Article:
Wednesday, March 6, 2013

How to Play: Models for Game-Based Learning #SXSWedu

Notes from a panel session at SXSWedu 2013

Teaching is a complex undertaking. Learning is a deep challenge. Schools are messy.

How do we approach game development and what role does it have in learning?

Play is fundamental to how we learn. How to make them work in education is the question.

Learning things that are challenging for kids to learn is a process that unfolds over time across multiple media and experiences. What process are you seeking to support and where does a game fit in the process?

What is the learning outcome and what are the components needed to get there? Build the game around that. Focus on player experience rather than classroom ecology.

Who are students and teachers in 2013?

We live in a time when children are playing games more than at any other time in human history. Kids in 2013 have well developed game playing abilities, but they check those skills at the schoolhouse door b/c that's not their school experience.

Teachers are increasingly from game playing backgrounds, but they are under the gun to produce results. Which makes them busy. One of the developers assumes he is designing for overworked, highly skeptical teachers. (Love his realistic grasp of educators today!)

Teachers are often surprised by how their students respond to games. Struggling kids often become stars. For students, call a "test" a "game" and it changes their level of excitement and investment increases.

How kids work as learners varies dramatically depending on their age and developmental stage. As they get older, their experiences narrow from elementary to middle school. But their ability to begin abstracting is growing. So games can capitalize on this in the context of encouraging kids to engage in play and experimentation.

One of the developers creates "gamelets" with small footprint, focused on one skill, playable in one to four class periods. Targets the space where "kids must be ready for the test". (CATS - Center for Advanced Technology in Schools)

Another developer (Possible Worlds) creates pre-instructional experiences. Creating a common analogy that can be referred to later as the teacher covers the content later. Gives conceptual model for processes that cannot be directly observed. Ex: photosynthesis. Students are not held responsible for learning specific things by the end of the game. It's all about the experience forming concepts.

MIT development lab - put a mystery cypher out via the Internet and students voluntarily collaborated to solve the mystery. A few teachers and classes joined in too. Thinking of ways to bring this to the classroom.

How do you know if game based learning working?

Possible Worlds - Check with kids for comprehensibility of materials. Do the kids think the game is about what you think it's about? Check for feasibility - Can it be learned in the classroom? In PW case, they were asked to assign for homework. Kids took the DS home. Then, suss out what is working in terms of student outcomes. PW was not able to directly claim impact. Part of this they think was due to the fact that teachers did not play the game.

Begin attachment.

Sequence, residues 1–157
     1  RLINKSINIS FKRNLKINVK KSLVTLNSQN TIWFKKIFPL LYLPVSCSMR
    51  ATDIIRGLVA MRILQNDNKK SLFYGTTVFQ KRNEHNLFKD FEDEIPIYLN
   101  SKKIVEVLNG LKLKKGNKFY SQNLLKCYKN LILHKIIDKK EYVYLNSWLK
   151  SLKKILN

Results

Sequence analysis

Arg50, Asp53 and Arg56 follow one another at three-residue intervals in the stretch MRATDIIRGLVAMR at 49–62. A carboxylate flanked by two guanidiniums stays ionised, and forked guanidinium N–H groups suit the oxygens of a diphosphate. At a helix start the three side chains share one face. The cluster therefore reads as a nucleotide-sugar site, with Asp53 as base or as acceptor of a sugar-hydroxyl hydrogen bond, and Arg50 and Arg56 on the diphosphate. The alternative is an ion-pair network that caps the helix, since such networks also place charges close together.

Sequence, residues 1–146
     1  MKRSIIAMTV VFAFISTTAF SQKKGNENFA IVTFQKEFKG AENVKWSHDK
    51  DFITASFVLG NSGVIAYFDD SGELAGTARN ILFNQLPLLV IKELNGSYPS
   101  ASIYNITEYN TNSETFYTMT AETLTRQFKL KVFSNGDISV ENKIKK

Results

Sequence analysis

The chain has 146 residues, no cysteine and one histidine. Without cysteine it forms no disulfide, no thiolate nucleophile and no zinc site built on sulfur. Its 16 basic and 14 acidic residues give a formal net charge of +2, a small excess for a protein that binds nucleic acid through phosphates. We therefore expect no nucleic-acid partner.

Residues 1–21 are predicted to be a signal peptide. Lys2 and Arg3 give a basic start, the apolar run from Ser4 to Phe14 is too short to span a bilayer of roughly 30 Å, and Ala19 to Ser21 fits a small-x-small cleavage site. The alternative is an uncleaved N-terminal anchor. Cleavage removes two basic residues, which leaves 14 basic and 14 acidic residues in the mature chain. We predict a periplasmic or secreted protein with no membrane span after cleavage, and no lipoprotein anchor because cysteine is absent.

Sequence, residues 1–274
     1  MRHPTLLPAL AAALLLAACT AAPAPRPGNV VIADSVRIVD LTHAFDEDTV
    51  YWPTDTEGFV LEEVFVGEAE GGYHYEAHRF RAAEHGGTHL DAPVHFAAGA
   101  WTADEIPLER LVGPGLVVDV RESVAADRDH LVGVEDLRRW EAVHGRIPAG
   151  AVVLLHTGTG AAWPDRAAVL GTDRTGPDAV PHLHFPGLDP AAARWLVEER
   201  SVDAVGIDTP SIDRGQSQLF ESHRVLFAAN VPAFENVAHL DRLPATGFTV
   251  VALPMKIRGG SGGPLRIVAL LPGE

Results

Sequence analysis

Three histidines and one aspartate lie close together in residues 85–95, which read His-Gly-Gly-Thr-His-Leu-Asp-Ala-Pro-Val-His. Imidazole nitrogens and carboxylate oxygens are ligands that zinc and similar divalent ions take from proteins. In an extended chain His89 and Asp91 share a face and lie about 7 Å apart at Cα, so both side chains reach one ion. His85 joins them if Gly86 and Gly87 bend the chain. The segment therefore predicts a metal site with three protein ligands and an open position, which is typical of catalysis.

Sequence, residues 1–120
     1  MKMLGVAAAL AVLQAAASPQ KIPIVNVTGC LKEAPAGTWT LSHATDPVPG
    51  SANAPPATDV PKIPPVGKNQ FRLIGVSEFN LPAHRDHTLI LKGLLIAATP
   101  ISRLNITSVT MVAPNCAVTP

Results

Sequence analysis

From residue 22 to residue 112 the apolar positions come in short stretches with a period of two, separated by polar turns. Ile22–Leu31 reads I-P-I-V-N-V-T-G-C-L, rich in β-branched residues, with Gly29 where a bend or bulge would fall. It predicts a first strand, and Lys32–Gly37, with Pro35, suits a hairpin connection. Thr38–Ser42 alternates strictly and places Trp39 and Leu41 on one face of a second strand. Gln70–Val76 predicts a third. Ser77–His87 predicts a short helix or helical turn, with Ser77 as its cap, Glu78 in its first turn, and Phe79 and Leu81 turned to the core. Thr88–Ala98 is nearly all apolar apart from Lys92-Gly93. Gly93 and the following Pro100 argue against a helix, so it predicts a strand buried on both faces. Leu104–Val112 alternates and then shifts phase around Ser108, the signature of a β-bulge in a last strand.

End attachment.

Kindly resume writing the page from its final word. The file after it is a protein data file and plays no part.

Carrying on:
CATS - Heavy focus on assessment. Test the heck out of kids all the time. In the game and on paper. They make the teachers play the games as part of their PD. To make them aware of content and student experience. Also can see where hang ups might occur.

MIT - Let the kids play the game and then let the students teach them how to play it. Takes a bit of onus off the teacher for having to master the game first.

Games have to be interesting to players and authentically challenging. Has to have small steps to enter; don't blow players away too much. But overall the game has to be challenging. Have to have a sense that you can get better.

Set up opportunities to fail without making the student feel like a failure. When they get stuck, it might be a teachable moment.

Should have opportunities to engage in the game in multiple ways. If you decide to crash the robot into the wall, it doesn't break the game.

Q: What incentives work best?

A: Mastery. "Trinkets" should reward real success.

Q: What helps get the teachers to sell games to students?

A: Often harder to sell to teachers than students. Need to see how it helps them teach.

Q: Issues of teachers as tech support?

A: Don't think teachers should be tech support. Don't do things that require downloads. Stick with mature technologies. Have some support online.

Installed game on flash drives with executables to try and mitigate differences in access to technology.

Q: Is there any work toward integrating physical/face to face/real world application into the digital?

A: MIT: Do worry that we spend too much time in front of screens. Is working to incorporate physical building challenges into their mystery game.

Q: Any work on group games that could be used on IWBs?

A: Working on games on tablets that can be played with multiple touch. Or games that can be played in small groups in front of one screen.

Q: What is the biggest prob with Ed games today and where should they be in 10 years?

A: Have to believe topic of game is inherently interesting and that fun and learning are one in the same. Many game designers aren't passionate about the topics of their games. In 10 years, games will be ubiquitous.